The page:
From Boston Review
This Labor Day we could join those speaking out against Donald Trump’s many hypocrisies, chief among them the preposterous notion that he represents the American worker. We could point out that he is further dividing an already divided country, turning to Wall Street tycoons as his key economic advisors, advocating for the elimination of health insurance coverage for the poor in favor of tax cuts for the rich, rolling back overtime regulations, abandoning requirements that investment agents focus on the interests of the retirees that hire them, and appointing a Education Secretary who attacks public education, teachers, and their unions.
We could go on, but a better approach is to lay the foundation for what will need to be done in the post-Trump era, whenever that arrives, to repair the damage, regain the trust of workers, and unify employers, unions, government leaders, and all who share the responsibility for shaping the future of work. We can do so by laying out a positive vision and strategy built around a simple narrative: a new social contract for work capable of meeting the expectations and obligations that workers, employers, and society in general hold for work and employment.
A new and fresh approach is long overdue. It is now all too apparent that America is paying a severe penalty for failing to address several decades of growing income inequality and stagnant wages and deep social and political divisions between the winners and losers from globalization.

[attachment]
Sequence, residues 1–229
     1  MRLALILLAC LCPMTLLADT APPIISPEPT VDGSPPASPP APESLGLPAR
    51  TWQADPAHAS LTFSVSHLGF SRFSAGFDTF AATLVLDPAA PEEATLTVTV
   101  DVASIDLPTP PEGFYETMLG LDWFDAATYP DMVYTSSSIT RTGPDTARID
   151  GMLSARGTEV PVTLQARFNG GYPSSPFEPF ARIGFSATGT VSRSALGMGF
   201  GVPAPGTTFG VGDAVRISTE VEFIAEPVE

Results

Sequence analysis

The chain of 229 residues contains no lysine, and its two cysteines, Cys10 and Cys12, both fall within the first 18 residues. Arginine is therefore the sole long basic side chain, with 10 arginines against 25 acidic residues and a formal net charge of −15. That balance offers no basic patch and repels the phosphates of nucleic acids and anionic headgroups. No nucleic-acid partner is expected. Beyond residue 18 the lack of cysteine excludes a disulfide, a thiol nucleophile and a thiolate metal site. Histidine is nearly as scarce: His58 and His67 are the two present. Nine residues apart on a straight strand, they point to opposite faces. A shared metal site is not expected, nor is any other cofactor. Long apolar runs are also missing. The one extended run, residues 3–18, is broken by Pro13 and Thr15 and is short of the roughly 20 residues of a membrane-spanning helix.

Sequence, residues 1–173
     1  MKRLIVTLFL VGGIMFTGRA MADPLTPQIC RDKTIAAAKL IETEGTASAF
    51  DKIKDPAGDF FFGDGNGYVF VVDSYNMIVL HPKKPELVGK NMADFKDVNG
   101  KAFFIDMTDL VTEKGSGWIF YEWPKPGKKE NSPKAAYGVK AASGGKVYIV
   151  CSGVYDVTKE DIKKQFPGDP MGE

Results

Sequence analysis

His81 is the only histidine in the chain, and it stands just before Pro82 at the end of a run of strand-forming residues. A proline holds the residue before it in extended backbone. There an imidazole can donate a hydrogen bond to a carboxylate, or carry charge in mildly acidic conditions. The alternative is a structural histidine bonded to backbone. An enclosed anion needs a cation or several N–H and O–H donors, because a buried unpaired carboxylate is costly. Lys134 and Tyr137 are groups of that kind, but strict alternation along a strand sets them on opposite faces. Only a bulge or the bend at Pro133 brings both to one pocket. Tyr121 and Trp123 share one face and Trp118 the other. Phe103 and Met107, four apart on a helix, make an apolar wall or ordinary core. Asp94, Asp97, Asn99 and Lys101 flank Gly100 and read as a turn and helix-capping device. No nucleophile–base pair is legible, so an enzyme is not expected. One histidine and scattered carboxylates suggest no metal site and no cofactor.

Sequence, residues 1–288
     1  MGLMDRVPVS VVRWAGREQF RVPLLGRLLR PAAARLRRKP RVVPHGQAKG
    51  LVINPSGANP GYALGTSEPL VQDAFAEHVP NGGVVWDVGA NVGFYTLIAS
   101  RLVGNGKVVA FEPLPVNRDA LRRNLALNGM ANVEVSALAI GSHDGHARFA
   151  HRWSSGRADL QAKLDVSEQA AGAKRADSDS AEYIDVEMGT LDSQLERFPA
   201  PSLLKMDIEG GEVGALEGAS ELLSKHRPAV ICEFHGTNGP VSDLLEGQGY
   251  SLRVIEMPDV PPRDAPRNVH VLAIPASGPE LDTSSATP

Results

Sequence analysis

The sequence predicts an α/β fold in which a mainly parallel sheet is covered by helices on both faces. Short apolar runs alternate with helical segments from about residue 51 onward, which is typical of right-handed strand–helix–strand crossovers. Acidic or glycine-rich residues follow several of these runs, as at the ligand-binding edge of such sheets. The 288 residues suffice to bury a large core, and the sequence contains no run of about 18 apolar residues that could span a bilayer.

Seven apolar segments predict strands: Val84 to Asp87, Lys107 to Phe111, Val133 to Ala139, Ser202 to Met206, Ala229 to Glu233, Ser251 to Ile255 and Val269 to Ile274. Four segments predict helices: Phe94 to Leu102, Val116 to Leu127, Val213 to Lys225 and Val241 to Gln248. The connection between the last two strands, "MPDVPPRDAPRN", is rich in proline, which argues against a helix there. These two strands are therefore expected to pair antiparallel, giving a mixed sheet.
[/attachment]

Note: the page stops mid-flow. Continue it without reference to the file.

And things could get worse. If we don’t turn the digital revolution into an opportunity to increase the number of good new jobs it could offer, the gap between the haves and have-nots will grow. If we let this happen, the legacy we will leave for our children and grandchildren is a lower standing of living and the prospect of more violence.
The good news is thanks to innovations happening around the country we can see how a new and more inclusive social contract might be built.
First, more businesses must embrace “high road” strategies that do good for shareholders and employees and their communities. This means competing through innovation and high productivity that are achieved by and in turn support paying fair wages; eliminating workplace discrimination; investing in worker training; and aligning compensation and incentives via profit sharing and employee stock ownership.
High road strategies also involve empowering workers on the job by giving them greater discretion and autonomy, being open to their suggestions on ways to improve processes and services, and resolving problems before they fester into hardened views that lead some to blame other groups or self-serving corporate leaders for their problems.
Read the full post at Boston Review.
Thomas Kochan is the George Maverick Bunker Professor of Management, a Professor of Work and Employment Research, and the CoDirector of the MIT Sloan Institute for Work and Employment Research at the MIT Sloan School of Management.
Lee Dyer is Emeritus Professor of Human Resource Studies and Research Fellow, Center for Advanced Human Resource Studies at the ILR School, Cornell University.